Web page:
Summer 2012 Edition
Respecting the culture of the country one visits plays an important role as this ensures no one is offended by your actions as a visitor to their country.
While you are on your worldly travels this summer, read below for a couple of travel tips to ensure you are respecting the culture you are visiting.
Wishing you all a wonderful summer, for those of you still deciding on the perfect vacation spot here are a couple of suggestions to help you along, Best Summer Vacations via US News & World Report.
It was a pleasure to be invited to speak about how to prepare and receive dignitaries on official visits and I look forward to participating in the 3rd APCA conference in 2012.
Saudi Arabia – It is important that both men and women dress conservatively when travelling in Saudi Arabia. In a business situation, women should ensure that at the very least collarbones and knees are covered, and the clothes are not figure hugging.
Japan – The standard form of greeting in Japan is to bow from the waist – generally, the lower you bow, the more respect that is being demonstrated toward your Japanese acquaintance. You may find that a handshake is offered, but this depends on how ‘Westernised’ your Japanese associate is. There may be some hesitancy as to whether a handshake should be offered, so in these circumstances it might be good manners to offer a bow.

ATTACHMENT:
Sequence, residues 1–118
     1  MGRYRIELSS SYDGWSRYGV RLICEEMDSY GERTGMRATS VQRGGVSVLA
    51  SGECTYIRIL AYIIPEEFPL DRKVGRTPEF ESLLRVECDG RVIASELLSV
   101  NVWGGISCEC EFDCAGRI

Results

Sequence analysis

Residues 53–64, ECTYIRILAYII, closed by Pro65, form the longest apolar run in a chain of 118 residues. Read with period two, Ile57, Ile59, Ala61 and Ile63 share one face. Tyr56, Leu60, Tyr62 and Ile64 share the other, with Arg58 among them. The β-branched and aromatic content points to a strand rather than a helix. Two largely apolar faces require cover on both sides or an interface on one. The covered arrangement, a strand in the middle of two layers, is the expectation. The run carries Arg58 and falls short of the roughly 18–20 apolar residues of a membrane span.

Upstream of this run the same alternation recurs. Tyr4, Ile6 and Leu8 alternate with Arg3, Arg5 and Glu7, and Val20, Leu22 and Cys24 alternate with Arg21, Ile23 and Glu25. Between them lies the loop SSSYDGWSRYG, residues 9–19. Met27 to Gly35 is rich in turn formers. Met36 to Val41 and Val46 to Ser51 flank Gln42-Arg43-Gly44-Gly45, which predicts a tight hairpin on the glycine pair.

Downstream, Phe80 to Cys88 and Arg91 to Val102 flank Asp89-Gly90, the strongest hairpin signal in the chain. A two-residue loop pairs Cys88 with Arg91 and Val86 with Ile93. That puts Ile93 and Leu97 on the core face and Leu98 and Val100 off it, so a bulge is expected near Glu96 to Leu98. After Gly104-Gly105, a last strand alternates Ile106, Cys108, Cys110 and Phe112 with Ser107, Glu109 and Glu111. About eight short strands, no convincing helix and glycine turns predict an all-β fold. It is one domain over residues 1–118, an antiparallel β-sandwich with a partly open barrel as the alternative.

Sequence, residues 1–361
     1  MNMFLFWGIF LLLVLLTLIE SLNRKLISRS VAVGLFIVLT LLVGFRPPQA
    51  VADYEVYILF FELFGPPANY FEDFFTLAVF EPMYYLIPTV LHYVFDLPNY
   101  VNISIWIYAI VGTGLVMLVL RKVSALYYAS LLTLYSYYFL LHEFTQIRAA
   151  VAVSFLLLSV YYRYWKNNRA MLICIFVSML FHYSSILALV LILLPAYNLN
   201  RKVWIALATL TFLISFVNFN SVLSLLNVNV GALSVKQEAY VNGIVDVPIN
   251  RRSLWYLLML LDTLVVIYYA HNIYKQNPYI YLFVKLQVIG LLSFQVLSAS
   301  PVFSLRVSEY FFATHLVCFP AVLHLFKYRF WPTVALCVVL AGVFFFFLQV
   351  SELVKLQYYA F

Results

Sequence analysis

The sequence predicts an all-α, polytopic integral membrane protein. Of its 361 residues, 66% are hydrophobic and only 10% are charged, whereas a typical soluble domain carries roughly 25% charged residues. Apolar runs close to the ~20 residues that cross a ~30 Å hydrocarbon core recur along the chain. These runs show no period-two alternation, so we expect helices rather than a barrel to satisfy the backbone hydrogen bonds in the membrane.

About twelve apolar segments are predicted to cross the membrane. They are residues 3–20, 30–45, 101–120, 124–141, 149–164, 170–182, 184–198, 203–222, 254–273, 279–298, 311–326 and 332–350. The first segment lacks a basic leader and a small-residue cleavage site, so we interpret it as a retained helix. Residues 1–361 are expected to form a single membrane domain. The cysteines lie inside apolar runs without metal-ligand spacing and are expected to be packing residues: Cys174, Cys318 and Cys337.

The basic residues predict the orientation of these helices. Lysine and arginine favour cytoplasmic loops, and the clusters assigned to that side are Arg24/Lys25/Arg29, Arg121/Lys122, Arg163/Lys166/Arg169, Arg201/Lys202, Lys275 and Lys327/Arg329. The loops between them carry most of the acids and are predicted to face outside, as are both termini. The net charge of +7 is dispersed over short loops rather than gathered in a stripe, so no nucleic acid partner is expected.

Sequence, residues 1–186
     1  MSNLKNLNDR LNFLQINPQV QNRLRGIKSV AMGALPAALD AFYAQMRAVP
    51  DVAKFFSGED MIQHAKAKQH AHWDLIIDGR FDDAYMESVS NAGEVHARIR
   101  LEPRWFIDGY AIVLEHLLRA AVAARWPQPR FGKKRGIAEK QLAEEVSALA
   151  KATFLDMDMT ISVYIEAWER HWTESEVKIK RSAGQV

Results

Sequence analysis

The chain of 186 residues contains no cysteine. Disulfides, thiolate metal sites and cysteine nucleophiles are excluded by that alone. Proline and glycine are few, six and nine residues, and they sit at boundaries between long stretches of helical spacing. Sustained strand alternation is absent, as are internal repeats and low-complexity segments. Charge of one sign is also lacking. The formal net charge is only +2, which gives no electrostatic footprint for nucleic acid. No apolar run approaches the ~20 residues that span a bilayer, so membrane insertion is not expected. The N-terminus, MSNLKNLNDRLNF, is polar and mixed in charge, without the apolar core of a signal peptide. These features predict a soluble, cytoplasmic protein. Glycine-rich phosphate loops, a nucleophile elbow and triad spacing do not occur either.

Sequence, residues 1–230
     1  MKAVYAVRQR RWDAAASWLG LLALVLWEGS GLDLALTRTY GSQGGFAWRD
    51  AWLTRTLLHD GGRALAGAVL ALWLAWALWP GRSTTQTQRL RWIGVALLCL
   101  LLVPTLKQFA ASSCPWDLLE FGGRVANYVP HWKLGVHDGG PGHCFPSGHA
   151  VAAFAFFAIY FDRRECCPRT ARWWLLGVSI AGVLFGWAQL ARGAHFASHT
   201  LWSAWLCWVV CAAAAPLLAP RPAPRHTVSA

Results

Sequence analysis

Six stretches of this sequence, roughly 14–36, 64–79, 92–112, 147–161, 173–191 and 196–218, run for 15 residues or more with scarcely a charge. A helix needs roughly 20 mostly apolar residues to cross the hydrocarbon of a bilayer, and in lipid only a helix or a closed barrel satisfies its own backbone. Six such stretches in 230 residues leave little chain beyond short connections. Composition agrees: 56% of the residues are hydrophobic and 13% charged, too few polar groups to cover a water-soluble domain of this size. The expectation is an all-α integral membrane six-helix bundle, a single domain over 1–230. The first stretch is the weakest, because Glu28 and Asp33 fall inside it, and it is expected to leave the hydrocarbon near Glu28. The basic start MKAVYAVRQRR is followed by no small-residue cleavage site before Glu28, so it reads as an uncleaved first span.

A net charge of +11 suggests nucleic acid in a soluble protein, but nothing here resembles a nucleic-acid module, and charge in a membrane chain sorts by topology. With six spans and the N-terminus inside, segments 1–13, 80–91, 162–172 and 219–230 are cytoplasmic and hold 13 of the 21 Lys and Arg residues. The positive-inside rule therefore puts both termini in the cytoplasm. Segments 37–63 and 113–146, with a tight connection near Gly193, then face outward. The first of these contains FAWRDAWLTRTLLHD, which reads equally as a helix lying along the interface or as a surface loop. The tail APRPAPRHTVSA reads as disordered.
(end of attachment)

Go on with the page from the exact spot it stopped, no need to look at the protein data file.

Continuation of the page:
South Africa – Generally, South Africa is known for its relatively informal atmosphere. In most situations, dress can be a little more casual and behavior a little less formal. However, this shouldn’t be considered a license to discard all boundaries of behavior! Regardless of where your travels take you, proper tourist etiquette and cultural sensitivity demand that you err on the side of conservatism. There’s always time to loosen up a little later when you’ve learned your way around the culture.
France – France is well known for its fine cuisine. Eating is an important part of social and family life in France, and the likelihood is that if you are visiting France, you will no doubt be eating out. You may even be invited into the home of a Frenchman, but in both cases you should be aware of basic French dining etiquette.
The French tend to be very direct in the way that they speak. They have relatively little reserve in showing emotion, and will often articulate and accompany their speech with large gesticulations.
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